Law enforcement authorities in Hong Kong have technology that can match faces taken from video surveillance with information on police computers, raising fears it could be being used to help put down ongoing pro-democracy protests, according to sources.
The technology, supplied by an Australia-based firm called iOmniscient, can scan any footage and match faces in a crowd or vehicle license plates to a police database, said the sources on condition of anonymity in a Bloomberg report.
Its prompted fears Hong Kong is adopting mainland-style surveillance, despite authorities being required to inform the public about such surveillance under local privacy laws.
As a result, this has seen hardcore protesters don masks and use umbrellas while attacking so-called smart lampposts, CCTV cameras and other forms of vandalism.
This in turn moved authorities into banning face masks earlier this month, sparking further violence.
“Hong Kong people are afraid of being captured by the CCTV cameras,” Bloomberg quoted Bonnie Leung, a district councilor and a former leader of the Civil Human Rights Front, which has organized some of the biggest protests, as saying. “Why are people still wearing face masks? Because of the police surveillance.”
Police, however, have not admitted whether they have used this technology during the protests, while iOmniscient, the company who supplied it has refused to say if it was being used for crowd control in Hong Kong.
If faces or names are being matched to identity markers, this would be subject to privacy laws, according to Stuart Hargreaves, a law professor at Chinese University of Hong Kong.
“Is the ‘facial recognition’ simply the police combing through video footage for ‘known individuals,’ or is there some kind of automated AI [Artificial Intelligence] system at play?” Hargreaves told Bloomberg.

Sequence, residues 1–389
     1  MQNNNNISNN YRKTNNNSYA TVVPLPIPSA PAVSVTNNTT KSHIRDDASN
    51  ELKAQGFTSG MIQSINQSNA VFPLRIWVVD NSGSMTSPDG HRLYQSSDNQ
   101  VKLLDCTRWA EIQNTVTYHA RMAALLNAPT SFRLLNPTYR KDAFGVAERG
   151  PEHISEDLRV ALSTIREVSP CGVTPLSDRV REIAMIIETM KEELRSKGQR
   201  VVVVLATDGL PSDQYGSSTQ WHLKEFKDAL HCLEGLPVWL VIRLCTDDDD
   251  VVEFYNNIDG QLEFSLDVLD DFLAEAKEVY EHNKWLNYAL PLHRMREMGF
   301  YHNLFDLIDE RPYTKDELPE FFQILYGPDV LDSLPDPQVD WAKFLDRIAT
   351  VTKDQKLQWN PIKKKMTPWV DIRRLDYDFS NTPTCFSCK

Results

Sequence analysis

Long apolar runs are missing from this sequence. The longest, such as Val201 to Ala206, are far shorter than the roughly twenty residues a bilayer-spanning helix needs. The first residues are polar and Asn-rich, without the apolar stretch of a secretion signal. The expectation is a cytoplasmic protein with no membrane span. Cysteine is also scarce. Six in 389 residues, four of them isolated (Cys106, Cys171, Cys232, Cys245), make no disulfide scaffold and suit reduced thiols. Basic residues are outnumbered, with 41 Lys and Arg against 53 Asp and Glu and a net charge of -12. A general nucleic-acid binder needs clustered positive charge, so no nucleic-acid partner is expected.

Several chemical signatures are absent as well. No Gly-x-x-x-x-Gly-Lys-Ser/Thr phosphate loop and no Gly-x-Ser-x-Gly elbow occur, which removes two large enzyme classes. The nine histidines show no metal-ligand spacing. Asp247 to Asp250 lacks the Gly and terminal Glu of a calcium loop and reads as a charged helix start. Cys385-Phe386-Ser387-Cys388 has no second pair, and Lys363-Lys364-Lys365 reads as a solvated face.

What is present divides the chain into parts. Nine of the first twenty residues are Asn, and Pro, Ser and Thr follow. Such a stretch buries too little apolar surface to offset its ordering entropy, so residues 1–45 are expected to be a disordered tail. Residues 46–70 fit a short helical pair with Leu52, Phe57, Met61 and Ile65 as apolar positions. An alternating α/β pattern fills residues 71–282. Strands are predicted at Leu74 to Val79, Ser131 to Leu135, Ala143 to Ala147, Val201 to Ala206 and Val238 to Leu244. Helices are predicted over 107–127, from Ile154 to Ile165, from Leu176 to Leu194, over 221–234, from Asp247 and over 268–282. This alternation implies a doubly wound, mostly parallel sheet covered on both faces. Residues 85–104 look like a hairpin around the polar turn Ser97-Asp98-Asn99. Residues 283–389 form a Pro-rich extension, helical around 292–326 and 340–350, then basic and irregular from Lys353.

“The truth is we simply do not know.”
Authorities have tried to dispel the concerns by saying this technology has not been part of recently installed lampposts and CCTV cameras.
However, this reassurance has not convinced protesters, especially since riot police have tried to avoid cameras when making arrests. Some have reportedly worn masks themselves or removed ID numbers from uniforms in order shield their activities or avoid becoming potential victims of reprisals by tech-savvy protesters online known as doxxing.
Senior figures of one Hong Kong tech firm TickTack Technology were targeted after protesters tore down one of its smart lampposts and found a Bluetooth Beacon the company used to signal its location to devices including smartphones.
The government denied the lamppost or others like it had facial recognition capabilities.
This fear of facial recognition technology, along with an upsurge in violence, has seen the use of masks grow over recent weeks despite the mask ban.
However, the defiance of the protesters has not waned.
“The government is just trying to take away our rights,” Bloomberg quoted one masked protester called Angus as saying when Hong Kong’s chief executive Carrie Lam announced the mask ban. “We don’t want to be China.”